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EPA seeks ideas to recapture waste nutrients from feed

By Aerin Curtis , 08-Dec-2015
Last updated on 08-Dec-2015 at 12:11 GMT2015-12-08T12:11:12Z

The US Environmental Protection Agency (EPA) is seeking ideas to help animal producers take economic advantage of wasted nutrients from feed.

The organization is sponsoring its first Nutrient Recycling Challenge competition designed to gather ideas regarding ways to improving nutrient recovery technology.

“Nutrient recovery technologies could offset producers’ costs and generate revenue by extracting and/or transforming the nutrients in manure into products that could be used onsite, transferred, or sold,” the spokesperson told us. “Producers would be incentivized to adopt these technologies if they were economically beneficial.”

Additionally, any created methods for managing waste products could also be beneficial to the environment by reducing greenhouse gas emissions, improving water quality and reducing the costs for transportation or management of the manure, the spokesperson added.

Competition details

The first stage of the competition runs through to January 15, and is open to ideas related to removing nutrients, including nitrogen and phosphorus, from cattle or swine manure in a cost effective manner, and condensing it into a usable product, reported the EPA.

“For phase I, awards will include a total of $20,000 in cash prizes for up to four concepts,” the spokesperson said. “Promising applicants will also be invited to a two-day partnering and investor summit in Washington, DC, and will gain entry to subsequent phases of the challenge with larger awards.”

In the first phase, judges will be grading submissions for “transformative ideas” that can become designs piloted on working farms, the spokesperson said.

Concept submissions can build upon current technology, or be completely new, said agency officials. The program is seeking papers from individuals or groups that are interested in solving the challenge.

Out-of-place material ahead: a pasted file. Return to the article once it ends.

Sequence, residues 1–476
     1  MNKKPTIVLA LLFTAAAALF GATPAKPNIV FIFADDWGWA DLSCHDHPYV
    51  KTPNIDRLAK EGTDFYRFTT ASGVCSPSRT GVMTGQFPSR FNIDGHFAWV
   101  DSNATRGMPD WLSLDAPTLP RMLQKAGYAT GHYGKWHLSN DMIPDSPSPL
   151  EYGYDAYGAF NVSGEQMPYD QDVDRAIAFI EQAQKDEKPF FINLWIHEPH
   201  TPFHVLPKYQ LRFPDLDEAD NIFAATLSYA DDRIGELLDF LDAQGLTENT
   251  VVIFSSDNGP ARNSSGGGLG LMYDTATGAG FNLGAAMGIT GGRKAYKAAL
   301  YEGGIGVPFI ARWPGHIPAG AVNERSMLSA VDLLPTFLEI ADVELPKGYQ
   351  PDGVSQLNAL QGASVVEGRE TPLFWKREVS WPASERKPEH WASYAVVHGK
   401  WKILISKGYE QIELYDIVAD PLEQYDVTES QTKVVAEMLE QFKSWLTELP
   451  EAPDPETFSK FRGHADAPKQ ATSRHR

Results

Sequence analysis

Up to four draft solutions will be selected in March to continue to the second of four stages of competitions, said officials. Later stages of the competition look at the design, development of prototypes and eventual demonstration of the plans.

“Although the initial scope of the Nutrient Recycling Challenge is focused on pork and dairy industries, it could be expanded to include other sectors in the future,” said the spokesperson. 

The goals behind the competition include developing ways to manage the tonnage of manure generated by the pork and dairy industries. Annually, livestock producers have to deal with about a billion tons of animal waste, and the nutrient matter it contains.

“Scientists and engineers are already developing technologies that can recover significant percentages of nitrogen and phosphorus from manure for beneficial uses, but these technologies are not, as yet, economically feasible,” an EPA spokesperson said. “Also, the markets for the products the technologies yield are immature or non-existent. Competitions are an exciting way to find solutions by tapping into the ingenuity and creativity of innovators across the globe.”

Additionally, another goal of the project is to connect innovators around the world, the spokesperson said. Options for inventors to work with other researchers have been built into the process.

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